Sir John Vincent Hurt, CBE, was an English actor whose decorated career spanned over six decades, film, theatre, television, and voice overs. He was born January 22, 1940 to an engineer and mathematician/clergyman. His love of acting flourished when at the age of eight years old he attended St. Michael’s Preparatory School in Otford, Kent; his very first role being that of a young girl in the school production of The Bluebird by Maurice Maeterlinck.
His first major film role was in a 1966 adaptation of A Man for All Seasons, as Richard Rich. Later, in 1971, he portrayed Timothy Evans, a man hanged for the murders committed by his landlord John Christie, in the film 10 Rillington Place. This role would earn Hurt his first BAFTA nomination for Best Supporting Actor. He would then later play the Roman Emperor Caligula in a BBC drama series titled I, Claudius in 1976.
Over the next decade, Hurt would go on to play characters in major films such as Alien, Little Malcolm, 1984, and The Elephant Man, which won him yet another BAFTA. In 1978, he voiced Aragorn in an animated adaptation of Lord of the Rings. He also lent his voice to Disney for the Black Cauldron, where he voiced the terrifying antagonist, the Horned King.
In the 2000’s he portrayed Ollivander the wandmaker in the first, fourth, and last Harry Potter films (though his scenes in the fourth movie were later cut), Adam Sutler in V for Vendetta, Harold Oxley in Indiana Jones and the Kingdom of the Crystal Skull, and voiced the Great Dragon Kilgharrah in the BBC television series Merlin. In 2013, Hurt appeared in the 50th anniversary episode of Doctor Who, as the forgotten regeneration of the Doctor, known only as the War Doctor. Fans quickly fell for his character, as they learned the history of the Doctor and the burden of the Time War that he carried on his shoulders. His character first appeared at the end of the seventh series finale, “Name of the Doctor”, his regeneration taking place at the end of the 50th anniversary episode.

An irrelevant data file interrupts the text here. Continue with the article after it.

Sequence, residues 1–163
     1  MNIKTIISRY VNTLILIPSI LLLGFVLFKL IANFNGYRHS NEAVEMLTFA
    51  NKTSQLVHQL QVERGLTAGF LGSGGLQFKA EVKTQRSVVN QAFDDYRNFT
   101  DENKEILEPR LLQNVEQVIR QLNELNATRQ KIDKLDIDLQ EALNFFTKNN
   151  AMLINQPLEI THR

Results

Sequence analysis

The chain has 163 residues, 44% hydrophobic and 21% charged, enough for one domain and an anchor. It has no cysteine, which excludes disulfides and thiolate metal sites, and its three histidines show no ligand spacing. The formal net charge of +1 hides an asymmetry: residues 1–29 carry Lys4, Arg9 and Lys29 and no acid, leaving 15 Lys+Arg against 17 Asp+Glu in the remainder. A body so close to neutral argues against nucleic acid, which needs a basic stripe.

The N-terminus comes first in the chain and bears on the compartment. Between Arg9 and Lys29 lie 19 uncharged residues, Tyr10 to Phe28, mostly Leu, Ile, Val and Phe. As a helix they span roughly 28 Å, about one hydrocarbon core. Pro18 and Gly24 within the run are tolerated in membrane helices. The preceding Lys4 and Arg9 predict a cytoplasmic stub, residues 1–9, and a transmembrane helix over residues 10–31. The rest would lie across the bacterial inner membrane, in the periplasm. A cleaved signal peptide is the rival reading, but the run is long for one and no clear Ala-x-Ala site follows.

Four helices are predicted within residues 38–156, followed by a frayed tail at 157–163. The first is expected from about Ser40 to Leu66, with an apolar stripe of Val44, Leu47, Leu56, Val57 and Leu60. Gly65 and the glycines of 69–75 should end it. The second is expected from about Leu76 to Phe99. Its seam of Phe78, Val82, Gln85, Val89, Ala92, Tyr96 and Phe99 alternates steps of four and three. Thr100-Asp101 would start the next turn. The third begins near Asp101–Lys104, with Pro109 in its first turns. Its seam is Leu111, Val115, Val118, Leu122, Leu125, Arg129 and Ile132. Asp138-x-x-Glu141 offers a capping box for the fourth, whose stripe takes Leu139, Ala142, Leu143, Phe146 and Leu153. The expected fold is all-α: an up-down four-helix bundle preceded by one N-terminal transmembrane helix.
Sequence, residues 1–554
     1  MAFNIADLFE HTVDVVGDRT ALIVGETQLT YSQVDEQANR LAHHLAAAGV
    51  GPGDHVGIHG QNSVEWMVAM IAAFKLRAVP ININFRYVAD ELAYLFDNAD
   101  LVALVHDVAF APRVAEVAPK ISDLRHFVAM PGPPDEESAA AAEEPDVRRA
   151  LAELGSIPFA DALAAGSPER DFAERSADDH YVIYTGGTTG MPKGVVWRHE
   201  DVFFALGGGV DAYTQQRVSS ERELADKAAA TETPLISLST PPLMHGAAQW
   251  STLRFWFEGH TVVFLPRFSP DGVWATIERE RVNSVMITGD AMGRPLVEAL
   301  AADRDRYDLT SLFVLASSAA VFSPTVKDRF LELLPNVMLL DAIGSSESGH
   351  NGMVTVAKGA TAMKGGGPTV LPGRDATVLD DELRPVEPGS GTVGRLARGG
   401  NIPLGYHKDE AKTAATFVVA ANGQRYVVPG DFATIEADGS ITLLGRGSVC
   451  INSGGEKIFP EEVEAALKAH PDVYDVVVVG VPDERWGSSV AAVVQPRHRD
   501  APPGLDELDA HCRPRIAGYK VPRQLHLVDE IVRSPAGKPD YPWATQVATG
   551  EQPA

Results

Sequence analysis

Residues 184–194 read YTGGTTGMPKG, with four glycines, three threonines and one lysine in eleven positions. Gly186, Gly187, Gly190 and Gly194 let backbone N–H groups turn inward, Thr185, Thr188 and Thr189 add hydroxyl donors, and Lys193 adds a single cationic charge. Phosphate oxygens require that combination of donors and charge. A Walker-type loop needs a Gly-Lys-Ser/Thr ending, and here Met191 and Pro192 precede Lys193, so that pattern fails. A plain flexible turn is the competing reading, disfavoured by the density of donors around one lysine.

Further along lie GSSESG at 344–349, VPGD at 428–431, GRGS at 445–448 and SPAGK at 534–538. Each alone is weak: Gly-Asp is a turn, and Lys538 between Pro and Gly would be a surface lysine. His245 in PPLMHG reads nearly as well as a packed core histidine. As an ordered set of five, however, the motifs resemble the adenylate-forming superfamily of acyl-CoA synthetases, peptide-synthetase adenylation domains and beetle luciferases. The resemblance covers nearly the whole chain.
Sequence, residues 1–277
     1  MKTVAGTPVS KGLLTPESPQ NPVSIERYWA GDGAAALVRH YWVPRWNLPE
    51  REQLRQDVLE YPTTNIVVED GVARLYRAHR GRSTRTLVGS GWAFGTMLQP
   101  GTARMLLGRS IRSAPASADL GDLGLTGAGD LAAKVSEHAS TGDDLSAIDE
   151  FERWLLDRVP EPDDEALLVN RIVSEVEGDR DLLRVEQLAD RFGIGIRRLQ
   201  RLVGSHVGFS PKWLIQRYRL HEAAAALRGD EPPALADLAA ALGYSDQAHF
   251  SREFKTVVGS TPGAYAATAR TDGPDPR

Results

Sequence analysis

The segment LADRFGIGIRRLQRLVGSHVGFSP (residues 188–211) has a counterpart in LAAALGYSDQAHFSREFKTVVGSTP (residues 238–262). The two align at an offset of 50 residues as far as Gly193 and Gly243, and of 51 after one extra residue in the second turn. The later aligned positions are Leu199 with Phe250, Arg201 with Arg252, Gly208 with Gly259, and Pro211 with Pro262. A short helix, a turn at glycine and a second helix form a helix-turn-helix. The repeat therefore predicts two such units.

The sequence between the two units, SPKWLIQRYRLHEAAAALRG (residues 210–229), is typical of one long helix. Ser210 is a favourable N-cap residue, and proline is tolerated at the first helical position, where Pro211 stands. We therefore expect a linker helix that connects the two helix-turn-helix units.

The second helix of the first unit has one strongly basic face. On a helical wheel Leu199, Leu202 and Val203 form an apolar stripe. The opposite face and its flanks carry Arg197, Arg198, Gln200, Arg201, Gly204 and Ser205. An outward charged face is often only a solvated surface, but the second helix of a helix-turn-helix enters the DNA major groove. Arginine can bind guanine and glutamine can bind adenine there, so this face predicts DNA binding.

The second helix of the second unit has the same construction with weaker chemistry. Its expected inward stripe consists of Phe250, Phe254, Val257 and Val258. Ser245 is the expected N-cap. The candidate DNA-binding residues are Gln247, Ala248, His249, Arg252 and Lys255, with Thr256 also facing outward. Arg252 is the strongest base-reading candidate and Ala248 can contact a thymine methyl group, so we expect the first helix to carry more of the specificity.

In 2004, he was made a Commander of the Order of the British Empire (CBE), the most excellent order of the British Empire; an award for contributions to the arts, sciences, work with charitable and welfare organizations, and public service. He was later knighted in 2015 for his services to drama.
Hurt is known for his gravelly voice and scraggly appearance, and for being one of the kindest men in the business.
On a personal note, I was lucky enough to work with Sir Hurt my junior year at Music/Theatre school. He was a university acquaintance of my professor. He gave us a few lectures and helped us with our production of Shakespeare’s Twelfth Night. One of my biggest inspirations, he was as kind as he was brilliantly talented. It is reported that he has passed on January 27, 2017 from pancreatic cancer. He was 77 years old, a philanthropist, a thespian, and a humanitarian. He will be gravely missed.